As BI becomes more and more available to every level in the organization and to the masses, the need to focus on the core deliverables becomes more important. When I talk to these organizations I still hear that simple reports, analytics, dashboards and other basic BI deliverables still remain challenges to implement and to maintain. There is alot of help available in the market to tackle these basic needs. There are more agile, robust, dynamic, easy-to-use tools available that can be utilized to help achieve the goals.

Let’s commit to better BI foundation. Let’s evaluate where we are and what our basic core goals, and build from there. Shall we?

Zahid Ansari – Pre-Sales Manager, iDashboards

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Limitations: Misunderstood

Limits can be subject to mathematic calculations, sequence, function, time, space, speed, weight, age, scientific, engineering, legal, technical, language, emotional…

Some limitations are subject to personal or technical capability, such as earning potential or hard drive space.  Over time, however, these limits have the potential to increase, and for different reasons!  Most limits related to technology evolve over time and increase at a staggering rate.  Remember the early hard drives and RAM specifications?  Year over year it made sense to develop new technology to sustain the growth for faster and larger computers.

Some limits don’t need to increase over time.  For example, since being a teenager, I continue to buy cars with higher maximum speed limits.  But the roads I drive on continue to post the same speed limit.  Therefore, my car has a different maximum speed limit compared to the roads where I drive (contrary to my desire to drive faster).  I also have a desire to limit my weight gain, which doesn’t need to increase over time.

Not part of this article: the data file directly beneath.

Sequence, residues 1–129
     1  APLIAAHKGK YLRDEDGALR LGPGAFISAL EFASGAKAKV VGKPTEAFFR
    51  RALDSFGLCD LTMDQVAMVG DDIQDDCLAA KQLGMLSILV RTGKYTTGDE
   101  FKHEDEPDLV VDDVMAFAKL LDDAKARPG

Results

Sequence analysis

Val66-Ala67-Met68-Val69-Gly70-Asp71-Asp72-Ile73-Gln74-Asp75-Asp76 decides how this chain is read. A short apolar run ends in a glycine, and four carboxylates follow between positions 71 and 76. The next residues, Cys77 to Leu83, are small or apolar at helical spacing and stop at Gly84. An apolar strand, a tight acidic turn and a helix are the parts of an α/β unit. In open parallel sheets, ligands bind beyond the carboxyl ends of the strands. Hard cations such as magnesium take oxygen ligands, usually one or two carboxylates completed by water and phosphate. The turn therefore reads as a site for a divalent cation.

I think it is important to understand there are different types of limits.  When I think about limits, I realize that some can change and some cannot, or should not.  It takes some research and understanding to learn about limits before a conclusion can be developed.

There are endless types of limitations.  My goal is to discuss a specifically defined limitation within an iDashboards chart.  It is really more of a helpful visual aide and not a limitation.  Regular charts within iDashboards have a 1,000 row limit, and pivot charts have a 3,000 row limit.  There, I said it.  Phew.  During the development of iDashboards, we have purposely defined these limitations.  Let me further explain the limitation.  An iDashboards chart will query your data source (Excel, SQL, database, other…) and collect a result set.  The chart has a row limitation on the result set, not the data source.  iDashboards does not have a limit on how much data can be queried in your data source.

For example, imagine you have data with 1-million rows.  During the chart creation process, you set up the query to obtain ‘The total sales for all products’.  Because you have 4 products, your result set will return 4-rows.  If you have 103 products then your result set will return 103-rows.  Essentially, we are trying to summarize the information to make it digestible and capable of being presented through graphs and charts.  Therefore, using filters, functions (SUM, AVG, etc.), input parameters, drilldowns or pivots, allows you to specify the exact amount of data.

Because iDashboards is a data visualization technology, we offer visually engaging ways to display a result set.  With iDashboards, each row of the result set is displayed as a column, point, pie-slice, indicator color, image, etc.  Visually speaking, you shouldn’t want to display more than 1,000 rows of data in a chart.  Don’t you agree?  Without a row limitation, there is too much data and the visual purpose becomes unusable.  Most computer screens have a maximum width between 1400-1920 pixels.  Having a Column Chart with more than 1000 columns makes it nearly impossible to distinguish the graphic since each column would be 1x pixel wide.